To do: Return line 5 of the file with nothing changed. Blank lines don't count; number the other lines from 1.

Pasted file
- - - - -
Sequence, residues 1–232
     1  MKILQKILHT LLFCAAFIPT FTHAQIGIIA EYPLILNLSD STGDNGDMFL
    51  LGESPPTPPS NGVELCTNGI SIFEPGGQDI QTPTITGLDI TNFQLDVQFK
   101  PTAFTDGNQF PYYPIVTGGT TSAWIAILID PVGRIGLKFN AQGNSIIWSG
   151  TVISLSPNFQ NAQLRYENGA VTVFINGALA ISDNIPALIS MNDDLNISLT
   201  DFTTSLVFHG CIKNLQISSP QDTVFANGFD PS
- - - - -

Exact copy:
   151  TVISLSPNFQ NAQLRYENGA VTVFINGALA ISDNIPALIS MNDDLNISLT